Animal Species:Favoured Footman Termessa gratiosa (Walker, 1865)

The pretty T. gratiosa is one of the most common lichen moths attracted to lights in Sydney over spring

Lithosiinae Termessa gratiosa male

David Britton © David Britton

Standard Common Name

Favoured Footman

Alternative Name/s

Lichen moth

Identification

Fore wings with a cream background, sometimes tinged with yellow, the broad basal black fascia with a pale centre, head with whitish scales. Can be distinguished from the similar T. diplographa by the white ground colour in the forewings and from T. zonophanes by the absence of black scaling near the tip of the abdomen.

DISCLAIMER: The identifications presented on these pages should be taken as indicative only. As with many groups of Australian insects there has been no formal revision of the Lithosiinae in recent years, and there are many undescribed species present in collections. Many species are superficially similar, and require a specialist to separate them.

Similar Species

T. diplographa, T. zonophanes

Distribution

From SE Queensland to Victoria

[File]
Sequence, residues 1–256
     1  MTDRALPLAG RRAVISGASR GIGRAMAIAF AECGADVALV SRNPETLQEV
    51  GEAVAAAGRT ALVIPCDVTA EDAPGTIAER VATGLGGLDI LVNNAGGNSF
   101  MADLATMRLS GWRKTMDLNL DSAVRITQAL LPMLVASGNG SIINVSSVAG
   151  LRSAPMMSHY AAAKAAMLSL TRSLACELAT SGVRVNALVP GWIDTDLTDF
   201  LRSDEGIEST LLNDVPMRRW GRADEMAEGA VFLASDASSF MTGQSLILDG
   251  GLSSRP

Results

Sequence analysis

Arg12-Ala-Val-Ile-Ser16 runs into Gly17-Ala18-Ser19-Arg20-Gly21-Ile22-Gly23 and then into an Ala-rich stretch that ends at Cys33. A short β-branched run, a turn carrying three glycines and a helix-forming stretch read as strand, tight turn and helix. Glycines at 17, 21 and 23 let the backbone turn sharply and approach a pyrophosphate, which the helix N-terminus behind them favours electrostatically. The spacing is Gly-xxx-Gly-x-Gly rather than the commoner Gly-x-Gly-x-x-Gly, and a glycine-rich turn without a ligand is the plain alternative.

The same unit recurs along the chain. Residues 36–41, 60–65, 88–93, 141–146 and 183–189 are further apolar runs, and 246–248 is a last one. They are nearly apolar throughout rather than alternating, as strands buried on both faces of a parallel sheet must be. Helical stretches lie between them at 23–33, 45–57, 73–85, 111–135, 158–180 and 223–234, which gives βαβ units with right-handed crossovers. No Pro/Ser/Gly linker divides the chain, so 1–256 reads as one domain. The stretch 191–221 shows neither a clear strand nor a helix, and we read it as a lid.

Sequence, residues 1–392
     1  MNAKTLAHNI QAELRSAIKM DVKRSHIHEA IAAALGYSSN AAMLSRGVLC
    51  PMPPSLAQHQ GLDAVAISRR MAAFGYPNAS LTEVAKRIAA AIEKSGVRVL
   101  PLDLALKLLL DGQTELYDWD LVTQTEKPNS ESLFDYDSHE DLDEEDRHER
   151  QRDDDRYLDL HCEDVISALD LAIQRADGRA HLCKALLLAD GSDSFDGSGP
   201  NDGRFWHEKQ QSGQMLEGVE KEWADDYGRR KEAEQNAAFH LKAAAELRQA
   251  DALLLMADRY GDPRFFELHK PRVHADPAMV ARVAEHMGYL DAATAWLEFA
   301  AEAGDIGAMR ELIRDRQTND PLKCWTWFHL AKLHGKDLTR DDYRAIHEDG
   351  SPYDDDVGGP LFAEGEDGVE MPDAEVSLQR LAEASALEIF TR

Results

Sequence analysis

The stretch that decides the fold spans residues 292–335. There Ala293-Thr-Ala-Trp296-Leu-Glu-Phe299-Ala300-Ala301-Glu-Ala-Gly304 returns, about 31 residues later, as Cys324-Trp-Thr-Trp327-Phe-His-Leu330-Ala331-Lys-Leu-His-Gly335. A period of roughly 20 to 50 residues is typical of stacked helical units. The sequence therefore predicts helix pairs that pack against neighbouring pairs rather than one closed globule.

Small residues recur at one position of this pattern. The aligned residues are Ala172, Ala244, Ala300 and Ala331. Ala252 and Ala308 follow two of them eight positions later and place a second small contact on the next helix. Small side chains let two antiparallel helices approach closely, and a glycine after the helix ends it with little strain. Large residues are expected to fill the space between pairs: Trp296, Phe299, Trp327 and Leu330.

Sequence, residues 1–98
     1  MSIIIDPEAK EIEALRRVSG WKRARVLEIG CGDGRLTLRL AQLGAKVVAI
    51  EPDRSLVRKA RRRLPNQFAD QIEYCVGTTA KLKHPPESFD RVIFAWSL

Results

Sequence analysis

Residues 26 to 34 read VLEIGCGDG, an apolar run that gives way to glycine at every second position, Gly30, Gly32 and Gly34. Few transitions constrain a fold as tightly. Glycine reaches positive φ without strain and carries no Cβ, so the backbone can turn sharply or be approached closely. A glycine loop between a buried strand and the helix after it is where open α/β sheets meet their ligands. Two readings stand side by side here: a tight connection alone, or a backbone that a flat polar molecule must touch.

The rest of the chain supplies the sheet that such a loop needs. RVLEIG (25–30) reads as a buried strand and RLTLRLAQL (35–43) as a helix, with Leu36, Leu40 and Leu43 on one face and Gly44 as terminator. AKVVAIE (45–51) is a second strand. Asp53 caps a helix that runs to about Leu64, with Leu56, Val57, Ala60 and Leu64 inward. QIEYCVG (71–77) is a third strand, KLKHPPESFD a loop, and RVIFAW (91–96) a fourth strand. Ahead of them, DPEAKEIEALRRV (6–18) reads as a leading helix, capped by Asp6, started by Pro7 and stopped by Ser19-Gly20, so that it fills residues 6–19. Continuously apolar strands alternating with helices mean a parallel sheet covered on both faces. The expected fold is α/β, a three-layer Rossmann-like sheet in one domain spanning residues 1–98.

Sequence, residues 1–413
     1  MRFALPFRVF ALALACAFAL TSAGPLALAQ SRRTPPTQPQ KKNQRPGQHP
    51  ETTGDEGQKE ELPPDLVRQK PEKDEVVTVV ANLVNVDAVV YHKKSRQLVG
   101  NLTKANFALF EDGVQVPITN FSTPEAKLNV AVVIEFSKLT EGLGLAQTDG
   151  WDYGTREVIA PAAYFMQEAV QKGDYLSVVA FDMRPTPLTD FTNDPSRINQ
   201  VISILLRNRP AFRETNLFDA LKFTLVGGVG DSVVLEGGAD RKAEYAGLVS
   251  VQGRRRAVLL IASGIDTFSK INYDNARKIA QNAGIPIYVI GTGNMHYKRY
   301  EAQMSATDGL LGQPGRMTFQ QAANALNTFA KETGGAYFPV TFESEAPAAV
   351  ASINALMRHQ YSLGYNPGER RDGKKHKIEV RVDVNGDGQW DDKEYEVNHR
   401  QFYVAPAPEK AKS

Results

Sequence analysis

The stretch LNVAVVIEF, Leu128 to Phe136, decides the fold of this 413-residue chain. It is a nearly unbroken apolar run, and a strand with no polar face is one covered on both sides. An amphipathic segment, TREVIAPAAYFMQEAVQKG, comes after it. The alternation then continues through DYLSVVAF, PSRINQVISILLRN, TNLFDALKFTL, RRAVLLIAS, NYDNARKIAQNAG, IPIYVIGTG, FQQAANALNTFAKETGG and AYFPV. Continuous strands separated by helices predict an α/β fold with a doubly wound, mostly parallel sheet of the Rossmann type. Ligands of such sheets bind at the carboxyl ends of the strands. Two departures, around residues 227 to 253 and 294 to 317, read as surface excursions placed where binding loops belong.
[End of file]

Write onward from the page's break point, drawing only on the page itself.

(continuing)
Distribution by collection data

Biomaps map of Termessa gratiosa specimens from the Australian Museum database

What does this mean?

Habitat

Forested and heath regions

Seasonality

September to January

Life history modes

terrestrial, volant

What does this mean?

Classification

Species:
gratiosa
Genus:
Termessa
Subfamily:
Lithosiinae
Family:
Arctiidae
Superfamily:
Noctuoidea
Order:
Lepidoptera
Class:
Insecta
Phylum:
Arthropoda
Kingdom:
Animalia

What does this mean?

Further Reading

The majority of images of Lithosiinae presented on these pages were taken from specimens housed in the Australian National Insect Collection (ANIC) (CSIRO, Canberra). I would like to thank the staff and researchers at ANIC for their generous assistance in providing me access to this collection, and I acknowledge the depth of effort and the investment of staff time that has gone into building and curating this splendid resource. In particular, I would like to thank Ted Edwards and Marianne Horak for their assistance.


Dr David Britton , Acting Head, Natural Sciences & Biodiversity Conservation
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